Check out this great video created by the Michigan Apple Committee that describes growers’ relationship with MSU Extension.

Amy and Phil are a great example of strategic connections and building relationships. Have you thought about connecting with committees in your area or faculty specialists on campus? What needs to do you see in your communities that could be met by a collaboration with local businesses, companies and governmental groups?

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MSU Extension staff members receive IFTA awards

The International Fruit Tree Association (IFTA) presented awards to Dr. Randy Beaudry and Amy Irish-Brown at its 59th Annual Conference and Tours in Grand Rapids. Each year during its awards dinner banquet, the IFTA recognizes five categories of outstanding industry professionals. This year, more than 400 orchardists, nursery professionals and plant scientists from nine countries gathered and honored the award recipients.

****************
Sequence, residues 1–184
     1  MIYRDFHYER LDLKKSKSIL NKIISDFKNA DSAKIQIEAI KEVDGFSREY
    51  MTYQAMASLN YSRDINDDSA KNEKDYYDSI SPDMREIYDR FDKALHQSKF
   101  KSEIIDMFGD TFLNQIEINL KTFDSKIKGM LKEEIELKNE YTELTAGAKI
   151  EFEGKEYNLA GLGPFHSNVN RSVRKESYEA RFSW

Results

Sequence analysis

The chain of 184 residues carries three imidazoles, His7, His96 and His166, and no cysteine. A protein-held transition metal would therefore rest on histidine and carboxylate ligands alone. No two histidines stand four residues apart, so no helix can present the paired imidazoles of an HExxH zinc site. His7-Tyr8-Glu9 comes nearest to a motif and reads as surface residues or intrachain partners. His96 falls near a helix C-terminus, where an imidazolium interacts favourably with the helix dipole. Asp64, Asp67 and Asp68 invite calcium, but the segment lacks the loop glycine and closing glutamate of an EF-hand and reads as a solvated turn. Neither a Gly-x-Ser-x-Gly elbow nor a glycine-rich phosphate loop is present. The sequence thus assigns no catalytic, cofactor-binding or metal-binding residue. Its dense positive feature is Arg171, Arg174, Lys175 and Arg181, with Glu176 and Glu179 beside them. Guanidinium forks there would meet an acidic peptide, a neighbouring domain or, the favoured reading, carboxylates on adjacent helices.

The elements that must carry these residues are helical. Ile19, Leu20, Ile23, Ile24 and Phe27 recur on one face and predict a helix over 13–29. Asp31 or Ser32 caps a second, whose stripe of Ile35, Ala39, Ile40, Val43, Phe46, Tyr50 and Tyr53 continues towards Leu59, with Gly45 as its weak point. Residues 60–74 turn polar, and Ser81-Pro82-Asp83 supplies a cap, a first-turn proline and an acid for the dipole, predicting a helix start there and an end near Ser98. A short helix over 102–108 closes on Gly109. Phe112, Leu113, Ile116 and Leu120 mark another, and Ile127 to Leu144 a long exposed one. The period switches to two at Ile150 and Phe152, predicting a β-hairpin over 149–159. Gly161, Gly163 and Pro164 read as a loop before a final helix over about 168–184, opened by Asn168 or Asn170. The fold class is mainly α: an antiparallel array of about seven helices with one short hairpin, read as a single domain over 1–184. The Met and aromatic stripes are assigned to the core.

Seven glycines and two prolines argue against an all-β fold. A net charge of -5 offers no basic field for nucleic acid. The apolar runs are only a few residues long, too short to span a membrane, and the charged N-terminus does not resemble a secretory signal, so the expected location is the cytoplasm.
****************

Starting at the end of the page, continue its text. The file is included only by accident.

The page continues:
Photo of Dr. Randy Beaudry professor and researcher in the MSU Deparment of Horticulture and MSU Extension.

Dr. Randy Beaudry, professor and researcher in the MSU Deparment of Horticulture and MSU Extension. Photo courtesy of MSU.

Dr. Randy Beaudry received the 2016 Outstanding Researcher Award. Randy has been a professor and researcher for over 25 years and is part of the MSU Department of Horticulture and MSU Extension. Randy’s recent research focuses on pre-harvest maturity and postharvest apple storage, specifically in the Honeycrisp variety. He has worked to reduce storage disorders and to improve controlled-atmosphere storage of Honeycrisp apples. His work proved that Honeycrisp apples need pre-conditioning after harvest before they are stored to eliminate storage breakdown. Also, his research shows that post-harvest treatments also increase fruit quality.

Dr. Vance Baird, Department of Horticulture chair, shared his thoughts on Randy’s award.